As a crucial element of modern life, Wi-Fi is indispensable for most of us. A Wi-Fi network interruption for even a second could drive us nuts. For Mac users, that may happen when:
You could connect your Mac Air to Wi-Fi, but the connection is slow and unstable;
MacBook Pro/MacBook Air won't connect to Wi-Fi;
Mac's Pro Wi-Fi is connected but still no internet;
MacBook won't connect to Wi-Fi but iPhone and other devices will;
Wi-Fi keeps turning off itself on your MacBook Pro.
For all of your Wi-Fi connection problems on iMac/iMac Pro/MacBook Air/MacBook Pro, we have developed eight solutions for you, each has been tested as workable.
- Solution 1: Check Apple's Wi-Fi recommendations
- Solution 2: Reboot your router
- Solution 3: Reboot your Mac
- Solution 4: Disconnect Bluetooth
- Solution 5: Forget the network
- Solution 6: Use Apple's Wireless Diagnostics
- Solution 7: Delete and reset Wi-Fi network settings
- Solution 8: Customize DNS setting for your network
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When your Mac tries to link a Wi-Fi network, it searches for issues that prevent it from a fast and stable Wi-Fi connection. If your Mac finds such an issue, the Wi-Fi status menu 6in the menu bar appears: Wi-Fi Recommendations.
Click on "Learn More" to access recommended solutions to solve your problem.
Sometimes it is your router other than your Mac that causes the Wi-Fi connection issues. To test whether it is your router's fault, shut it down and turn it on again.
Similar to restarting your router, it is also workable to reboot your Mac to improve your Wi-Fi connection.
If you still can't connect to Wi-Fi after rebooting, shut the Wi-Fi down (Click on Wi-Fi status icon > "Turn Wi-Fi OFF") and then wait for a few seconds before turning it back on again for available networks.
In some cases, the Bluetooth connection may affect your Wi-Fi connection on your MacBook or iMac, so for some people turning off Bluetooth is workable.
Click on the Bluetooth icon (next to the Wi-Fi icon) at the upper right corner and click "Turn Bluetooth Off".
Once in a while, letting your Mac forget Wi-Fi temporarily do help fix the Wi-Fi problem on your Mac.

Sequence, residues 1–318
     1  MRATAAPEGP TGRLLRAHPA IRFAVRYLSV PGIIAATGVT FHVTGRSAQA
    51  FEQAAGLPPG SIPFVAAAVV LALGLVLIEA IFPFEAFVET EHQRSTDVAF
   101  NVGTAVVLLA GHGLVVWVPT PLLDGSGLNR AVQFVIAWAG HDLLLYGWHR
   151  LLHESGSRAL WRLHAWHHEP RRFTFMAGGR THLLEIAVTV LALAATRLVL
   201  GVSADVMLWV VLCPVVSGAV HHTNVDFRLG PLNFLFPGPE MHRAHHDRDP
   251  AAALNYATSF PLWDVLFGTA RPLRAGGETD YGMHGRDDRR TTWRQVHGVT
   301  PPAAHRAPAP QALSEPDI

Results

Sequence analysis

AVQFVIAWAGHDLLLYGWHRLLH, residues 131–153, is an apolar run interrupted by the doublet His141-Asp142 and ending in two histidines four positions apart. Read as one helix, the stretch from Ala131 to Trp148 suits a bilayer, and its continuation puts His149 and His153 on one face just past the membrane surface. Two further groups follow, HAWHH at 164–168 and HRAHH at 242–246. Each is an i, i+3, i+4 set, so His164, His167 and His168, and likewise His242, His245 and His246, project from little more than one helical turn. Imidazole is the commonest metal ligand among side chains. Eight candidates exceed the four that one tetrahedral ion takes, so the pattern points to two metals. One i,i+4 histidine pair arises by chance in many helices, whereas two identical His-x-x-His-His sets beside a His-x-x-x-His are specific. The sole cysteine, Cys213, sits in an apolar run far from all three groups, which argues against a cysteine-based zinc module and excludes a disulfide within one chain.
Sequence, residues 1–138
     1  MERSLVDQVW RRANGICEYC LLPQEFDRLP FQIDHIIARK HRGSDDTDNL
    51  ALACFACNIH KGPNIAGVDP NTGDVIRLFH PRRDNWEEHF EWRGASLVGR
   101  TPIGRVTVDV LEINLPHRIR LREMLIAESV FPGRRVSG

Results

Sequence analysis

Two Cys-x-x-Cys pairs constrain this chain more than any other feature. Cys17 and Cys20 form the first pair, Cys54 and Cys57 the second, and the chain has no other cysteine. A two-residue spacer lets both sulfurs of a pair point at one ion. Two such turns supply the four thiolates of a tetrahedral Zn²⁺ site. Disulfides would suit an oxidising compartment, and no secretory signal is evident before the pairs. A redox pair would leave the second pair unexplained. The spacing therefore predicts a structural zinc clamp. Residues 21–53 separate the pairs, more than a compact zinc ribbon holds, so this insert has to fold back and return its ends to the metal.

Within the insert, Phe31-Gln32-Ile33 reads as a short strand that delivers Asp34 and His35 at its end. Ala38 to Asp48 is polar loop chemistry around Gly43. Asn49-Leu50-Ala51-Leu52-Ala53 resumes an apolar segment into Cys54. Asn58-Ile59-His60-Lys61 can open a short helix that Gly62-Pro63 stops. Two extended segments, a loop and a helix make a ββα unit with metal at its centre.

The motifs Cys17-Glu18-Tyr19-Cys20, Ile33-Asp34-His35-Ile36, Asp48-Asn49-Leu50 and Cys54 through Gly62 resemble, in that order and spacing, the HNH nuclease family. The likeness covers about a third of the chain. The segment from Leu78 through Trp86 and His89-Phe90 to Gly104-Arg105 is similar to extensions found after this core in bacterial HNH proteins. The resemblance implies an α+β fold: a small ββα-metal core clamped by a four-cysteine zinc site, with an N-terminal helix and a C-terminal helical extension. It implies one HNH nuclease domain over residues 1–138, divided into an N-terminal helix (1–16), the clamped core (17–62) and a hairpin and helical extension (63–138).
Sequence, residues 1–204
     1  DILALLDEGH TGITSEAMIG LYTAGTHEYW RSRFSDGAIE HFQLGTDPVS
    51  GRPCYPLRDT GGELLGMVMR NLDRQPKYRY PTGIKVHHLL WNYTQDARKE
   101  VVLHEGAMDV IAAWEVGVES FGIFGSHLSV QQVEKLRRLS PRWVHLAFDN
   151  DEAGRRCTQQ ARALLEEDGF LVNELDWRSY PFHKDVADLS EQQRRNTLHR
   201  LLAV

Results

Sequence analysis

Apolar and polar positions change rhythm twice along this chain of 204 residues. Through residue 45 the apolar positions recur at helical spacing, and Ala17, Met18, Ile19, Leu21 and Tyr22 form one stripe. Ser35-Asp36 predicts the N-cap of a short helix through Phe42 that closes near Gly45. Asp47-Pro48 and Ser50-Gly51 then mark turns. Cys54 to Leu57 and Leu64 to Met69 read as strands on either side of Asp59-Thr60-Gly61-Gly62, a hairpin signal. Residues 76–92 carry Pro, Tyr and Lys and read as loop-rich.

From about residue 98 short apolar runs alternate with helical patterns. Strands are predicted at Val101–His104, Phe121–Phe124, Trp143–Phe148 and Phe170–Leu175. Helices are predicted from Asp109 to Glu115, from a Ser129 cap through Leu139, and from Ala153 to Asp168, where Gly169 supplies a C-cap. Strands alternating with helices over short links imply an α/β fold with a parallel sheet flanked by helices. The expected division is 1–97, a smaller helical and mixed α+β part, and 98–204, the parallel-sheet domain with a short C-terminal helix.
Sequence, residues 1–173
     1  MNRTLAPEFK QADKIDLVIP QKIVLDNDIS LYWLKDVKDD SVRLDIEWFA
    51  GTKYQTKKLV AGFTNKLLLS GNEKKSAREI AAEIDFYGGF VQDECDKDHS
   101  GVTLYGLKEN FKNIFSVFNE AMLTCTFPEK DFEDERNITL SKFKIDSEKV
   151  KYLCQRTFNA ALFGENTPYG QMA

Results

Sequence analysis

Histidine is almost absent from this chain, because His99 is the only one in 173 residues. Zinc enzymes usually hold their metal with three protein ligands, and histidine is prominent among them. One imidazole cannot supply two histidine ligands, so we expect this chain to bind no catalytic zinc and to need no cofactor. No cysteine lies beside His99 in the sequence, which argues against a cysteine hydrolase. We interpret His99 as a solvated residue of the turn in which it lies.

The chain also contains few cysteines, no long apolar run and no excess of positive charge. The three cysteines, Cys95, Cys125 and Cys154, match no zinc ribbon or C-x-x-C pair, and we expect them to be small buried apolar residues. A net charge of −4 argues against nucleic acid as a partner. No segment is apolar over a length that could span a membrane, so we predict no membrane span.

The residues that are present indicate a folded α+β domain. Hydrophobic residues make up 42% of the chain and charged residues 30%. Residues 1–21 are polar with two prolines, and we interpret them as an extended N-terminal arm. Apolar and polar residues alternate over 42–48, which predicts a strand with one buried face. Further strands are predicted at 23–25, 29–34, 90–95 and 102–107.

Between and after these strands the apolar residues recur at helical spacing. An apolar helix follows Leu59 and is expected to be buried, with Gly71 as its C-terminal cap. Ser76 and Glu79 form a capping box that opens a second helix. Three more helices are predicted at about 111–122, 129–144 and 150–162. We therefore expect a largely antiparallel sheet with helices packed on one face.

Step 1: Click on Wi-Fi icon > "Open Network Preferences" > "Advanced".
Step 2: Select the network you want your Mac to forget.
Step 3: Click on "-" sign to remove it.
To solve Wi-Fi connection problems, Apple has already given the possible solutions.
Go to Apple Menu on upper left corner > "System Preferences" > "Network".
If your Mac detects the internet connection problem, "Assist me..." will appear at the bottom of this window. Click on this and you will launch the built-in Diagnostics tool to settle your problem.
If that doesn't help, there’s another tool provided by Apple, Wireless Diagnostics, the built-in app in your Mac.
Step 1: Hold "Option" button on your keyboard while clicking on the Wi-Fi icon in the top right corner. Now you can see an interface like this:
Step 2: Click "Open Wireless Diagnostics…" to tackle your problem.
Since this solution will start your existing Wi-Fi settings all over again, you'd better back up your Mac first through Time Machine.
Step 1: Shut down Wi-Fi and browsers.
Step 2: On the menu bar, go to "Go" > "Go to Folder...".
Step 3: Paste the following line: /Library/Preferences/SystemConfiguration/
Step 4: Select the following files:
Step 5: Right-click these files > click "Move to Trash" (do not delete them).
Step 6: Reboot your Mac > click Wi-Fi icon > "Open Network Preferences".
Step 7: Turn on Wi-Fi and reselect the Wi-Fi network.
Now comes the toughest part of our post, the DNS settings. Don't be scared by the following steps. We can say they are the most easy-to-follow fix for computer green hands.
STEP 1: Go to Apple menu > "System Preferences" > "Network" > select Wi-Fi.
STEP 2: Click on the bar beside Location and select "Edit Locations...".
STEP 3: Click "+" sign.
STEP 5: Name a new location, for example, "New Location", then click "Done".
STEP 6: Join Wi-Fi network, with your usual router password.
STEP 7: Go to Apple menu > "System Preferences" > "Network" > "Advanced..." > "TCP/IP" and select "DHCP Lease".
STEP 8: Then go to "Advanced..." > "DNS" and click "+" sign to add "220.127.116.11" and "18.104.22.168" to the "DNS Servers".
STEP 9: Go to "Advanced..." > "Hardware" > "Configure" > "Manually".
STEP 10: Go to "Advanced..." > "Hardware" > "MTU" > "Custom" and set it to 1453
STEP 11: Click "OK" and "Apply".
That's all about fixes to Wi-Fi connection problem on Mac. Leave your comments if there are questions.
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